Minimum wage debate returns to Indianapolis

INDIANAPOLIS (WISH) – A nationwide push to raise the minimum wage returns to Indianapolis Thursday with more local protests.

It’s a hot button issue from the nation’s capital to the fast food counter. Fast food workers have protested a handful of times over the last year. Workers in more than 100 cities have joined what’s been dubbed the “Fight for 15” – a campaign for employees to earn $15 per hour.

Organizers said Marion County has about 24,000 fast food workers who make less than $9 an hour.  A recent study found half of those workers rely on government assistance.

Efforts to gradually raise today’s $7.25 an hour minimum wage to $10.10 over a 30 month period haven’t gotten much traction in Congress.

On Wednesday, during a stop in Indianapolis, Labor Secretary Thomas Perez said he thinks it’s time.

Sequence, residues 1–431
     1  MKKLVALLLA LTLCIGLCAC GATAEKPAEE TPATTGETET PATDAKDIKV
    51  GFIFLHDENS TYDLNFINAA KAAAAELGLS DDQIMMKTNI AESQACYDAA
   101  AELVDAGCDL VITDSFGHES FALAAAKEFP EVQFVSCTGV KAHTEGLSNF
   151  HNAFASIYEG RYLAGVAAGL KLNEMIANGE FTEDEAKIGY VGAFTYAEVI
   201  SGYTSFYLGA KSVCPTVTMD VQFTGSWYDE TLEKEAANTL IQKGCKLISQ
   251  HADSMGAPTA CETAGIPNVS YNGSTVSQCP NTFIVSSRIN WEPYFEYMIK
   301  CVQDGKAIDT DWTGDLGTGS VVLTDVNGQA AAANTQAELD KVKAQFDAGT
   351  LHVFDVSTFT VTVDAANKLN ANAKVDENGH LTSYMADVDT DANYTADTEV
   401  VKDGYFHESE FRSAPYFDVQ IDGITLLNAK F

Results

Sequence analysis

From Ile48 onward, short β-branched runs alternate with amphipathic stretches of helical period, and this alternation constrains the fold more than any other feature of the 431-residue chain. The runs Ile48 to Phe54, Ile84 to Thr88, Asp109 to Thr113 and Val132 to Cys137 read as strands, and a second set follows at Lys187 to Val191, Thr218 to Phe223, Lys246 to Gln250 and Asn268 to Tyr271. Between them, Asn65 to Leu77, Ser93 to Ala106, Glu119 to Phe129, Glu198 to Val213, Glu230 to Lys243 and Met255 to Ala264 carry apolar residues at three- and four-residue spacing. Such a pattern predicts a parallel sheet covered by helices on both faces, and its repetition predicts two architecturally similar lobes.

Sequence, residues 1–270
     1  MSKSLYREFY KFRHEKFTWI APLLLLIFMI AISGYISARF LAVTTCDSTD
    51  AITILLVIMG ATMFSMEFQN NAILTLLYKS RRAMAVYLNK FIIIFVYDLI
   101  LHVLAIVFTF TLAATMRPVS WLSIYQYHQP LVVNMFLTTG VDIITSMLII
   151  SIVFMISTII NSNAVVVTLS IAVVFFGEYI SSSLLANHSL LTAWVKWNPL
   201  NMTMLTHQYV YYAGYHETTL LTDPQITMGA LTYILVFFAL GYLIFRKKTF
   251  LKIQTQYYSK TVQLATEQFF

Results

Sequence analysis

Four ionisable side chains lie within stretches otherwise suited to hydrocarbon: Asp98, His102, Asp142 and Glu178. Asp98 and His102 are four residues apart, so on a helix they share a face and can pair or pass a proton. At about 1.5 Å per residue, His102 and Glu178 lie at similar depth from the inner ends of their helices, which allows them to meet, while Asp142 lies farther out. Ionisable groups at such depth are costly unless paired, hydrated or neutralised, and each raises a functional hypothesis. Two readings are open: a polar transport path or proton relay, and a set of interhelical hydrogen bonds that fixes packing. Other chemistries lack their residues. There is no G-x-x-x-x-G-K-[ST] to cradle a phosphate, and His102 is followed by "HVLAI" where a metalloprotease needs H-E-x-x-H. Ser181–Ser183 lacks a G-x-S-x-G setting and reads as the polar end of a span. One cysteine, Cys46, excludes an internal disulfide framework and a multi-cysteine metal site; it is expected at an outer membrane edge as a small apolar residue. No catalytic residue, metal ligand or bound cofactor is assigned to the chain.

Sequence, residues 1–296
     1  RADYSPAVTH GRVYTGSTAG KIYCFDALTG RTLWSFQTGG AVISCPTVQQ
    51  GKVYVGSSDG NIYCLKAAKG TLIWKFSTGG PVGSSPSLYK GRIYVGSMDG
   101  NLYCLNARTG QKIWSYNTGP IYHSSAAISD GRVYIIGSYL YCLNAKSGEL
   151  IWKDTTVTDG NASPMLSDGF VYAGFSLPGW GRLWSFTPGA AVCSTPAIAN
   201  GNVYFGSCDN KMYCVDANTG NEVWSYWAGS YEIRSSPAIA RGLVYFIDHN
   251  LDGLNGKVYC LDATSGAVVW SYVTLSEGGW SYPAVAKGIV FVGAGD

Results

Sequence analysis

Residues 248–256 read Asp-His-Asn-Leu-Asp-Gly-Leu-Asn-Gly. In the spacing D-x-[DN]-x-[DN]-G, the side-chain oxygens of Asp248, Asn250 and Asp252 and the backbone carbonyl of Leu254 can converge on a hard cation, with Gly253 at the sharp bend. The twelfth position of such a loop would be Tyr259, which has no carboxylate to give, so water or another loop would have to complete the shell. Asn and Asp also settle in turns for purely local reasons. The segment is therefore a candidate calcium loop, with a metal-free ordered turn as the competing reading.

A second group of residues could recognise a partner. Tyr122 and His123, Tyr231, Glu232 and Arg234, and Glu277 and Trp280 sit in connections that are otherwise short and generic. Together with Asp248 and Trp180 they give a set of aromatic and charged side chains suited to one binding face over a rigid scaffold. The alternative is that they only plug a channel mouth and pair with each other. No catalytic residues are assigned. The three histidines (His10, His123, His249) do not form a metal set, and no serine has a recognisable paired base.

“I speak to business owner after business owner who tells me, ‘Tom what I need most right now are customers,’” said Perez. “What we need if we want to pick up the pace of growth … is we need to do things that put money in people’s pockets to stimulate consumption. The companies that do business here are going to make more things if people have more money in their pockets.”

Critics argue raising the minimum wage would hurt employers, forcing them to cut jobs and become less productive.

Right now the minimum wage in Indiana is $7.25. There have been no recent proposals to raise the minimum wage in Indianapolis. In 2013, the state legislature voted down a plan to raise the minimum wage to $8.25.

The mayor of Chicago is asking his city council to raise the minimum wage to $13 an hour by 2018. And the mayor of Los Angeles has unveiled a plan to raise the minimum wage to $13.25 by 2017.

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